That is certainly good news, but it is no time to rest on our laurels.  We absolutely need to expect that our schools are superb, and that we are teaching the right things to ensure that our students are prepared to be citizens in the 21st Century.  It is imperative that we are not only teaching the right things in our classrooms, but that we are also assessing the right things in our classrooms.  Does it make sense to you that we are using a multiple choice test that does not require any writing or critical thinking?  Does it make sense that we are using a test that requires a student to fill in a bunch of bubbles with a pencil?  Where is the authentic assessment in that?

As I stated earlier, the Education Summit is next week.  I am eager to attend and here what the Governor has to say about his plan to make Iowa number one in education again.  Here is my final point before I wrap this diatribe up for the week.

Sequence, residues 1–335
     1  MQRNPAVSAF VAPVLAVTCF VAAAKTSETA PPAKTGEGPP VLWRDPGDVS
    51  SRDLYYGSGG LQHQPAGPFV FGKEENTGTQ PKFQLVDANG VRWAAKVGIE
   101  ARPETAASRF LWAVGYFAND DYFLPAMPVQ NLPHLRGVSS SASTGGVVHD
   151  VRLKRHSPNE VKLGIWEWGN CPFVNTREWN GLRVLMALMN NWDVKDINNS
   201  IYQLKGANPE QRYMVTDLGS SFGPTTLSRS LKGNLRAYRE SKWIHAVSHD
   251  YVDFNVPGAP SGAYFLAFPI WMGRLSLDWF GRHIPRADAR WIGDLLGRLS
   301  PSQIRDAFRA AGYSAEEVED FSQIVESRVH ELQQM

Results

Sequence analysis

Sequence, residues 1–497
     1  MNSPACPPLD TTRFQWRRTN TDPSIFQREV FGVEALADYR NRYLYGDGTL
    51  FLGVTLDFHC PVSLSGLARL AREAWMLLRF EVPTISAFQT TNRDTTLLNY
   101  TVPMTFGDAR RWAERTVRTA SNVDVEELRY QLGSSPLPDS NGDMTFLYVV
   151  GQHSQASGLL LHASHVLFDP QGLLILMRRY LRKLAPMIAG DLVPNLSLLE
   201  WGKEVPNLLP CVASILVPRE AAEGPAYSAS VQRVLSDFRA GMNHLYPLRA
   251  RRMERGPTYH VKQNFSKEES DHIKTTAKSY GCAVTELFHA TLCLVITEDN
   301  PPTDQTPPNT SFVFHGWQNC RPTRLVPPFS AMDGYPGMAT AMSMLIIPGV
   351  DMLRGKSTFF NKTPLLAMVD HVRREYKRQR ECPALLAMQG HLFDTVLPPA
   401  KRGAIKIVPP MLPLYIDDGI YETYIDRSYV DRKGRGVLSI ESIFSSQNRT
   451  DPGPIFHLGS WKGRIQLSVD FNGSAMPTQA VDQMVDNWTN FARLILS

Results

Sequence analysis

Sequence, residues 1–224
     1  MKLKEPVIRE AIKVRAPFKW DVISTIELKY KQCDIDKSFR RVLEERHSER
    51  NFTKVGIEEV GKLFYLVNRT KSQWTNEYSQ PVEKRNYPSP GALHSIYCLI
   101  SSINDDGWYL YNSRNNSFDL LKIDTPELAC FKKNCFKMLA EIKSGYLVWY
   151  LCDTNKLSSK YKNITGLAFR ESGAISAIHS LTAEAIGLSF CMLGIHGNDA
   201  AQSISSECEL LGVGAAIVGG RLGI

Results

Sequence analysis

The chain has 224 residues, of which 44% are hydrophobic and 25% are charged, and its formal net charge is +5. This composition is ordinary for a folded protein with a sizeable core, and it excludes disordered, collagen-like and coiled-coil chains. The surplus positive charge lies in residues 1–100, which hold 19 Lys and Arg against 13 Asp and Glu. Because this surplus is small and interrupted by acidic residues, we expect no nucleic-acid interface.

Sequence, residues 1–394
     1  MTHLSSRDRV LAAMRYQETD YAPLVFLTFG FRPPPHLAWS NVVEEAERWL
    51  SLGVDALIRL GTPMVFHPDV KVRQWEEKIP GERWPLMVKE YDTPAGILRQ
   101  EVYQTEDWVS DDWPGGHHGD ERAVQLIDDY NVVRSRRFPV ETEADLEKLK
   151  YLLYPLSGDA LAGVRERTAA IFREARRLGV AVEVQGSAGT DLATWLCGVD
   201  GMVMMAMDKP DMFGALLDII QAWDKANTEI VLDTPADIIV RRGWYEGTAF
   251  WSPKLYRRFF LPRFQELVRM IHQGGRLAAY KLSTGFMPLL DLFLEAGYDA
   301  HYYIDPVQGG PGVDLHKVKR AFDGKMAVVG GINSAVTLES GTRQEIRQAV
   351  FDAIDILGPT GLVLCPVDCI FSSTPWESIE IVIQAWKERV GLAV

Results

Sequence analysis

NCLB is up for renewal.  Wait, NCLB has been up for renewal for several years.  The architect of NCLB was Senator Edward Kennedy of Massachusetts (interesting fact: many people blame former President George W. Bush for NCLB; not true).  When Senator Kennedy passed away, his chairmanship went to our own Senator Harkin.  The honorable Senator will be in attendance at the Summit next week.  If you get a chance, please tell him that it is time to get this legislation moving again.

Stay tuned, I will let you know what I learn on Monday.

Tuesday, July 19, 2011

Board of Directors Sets Legislative Priorities for the 2012 General Assembly

At the Board meeting held on July 18th, the Board of Directors finalized and set a list of priorities for the 2012 General Assembly.  Those priorities were submitted to the Iowa Association of School Boards, and the delegate assembly will ratify the final platform at the convention, which will be held in November.  Among the priorities submitted were the following: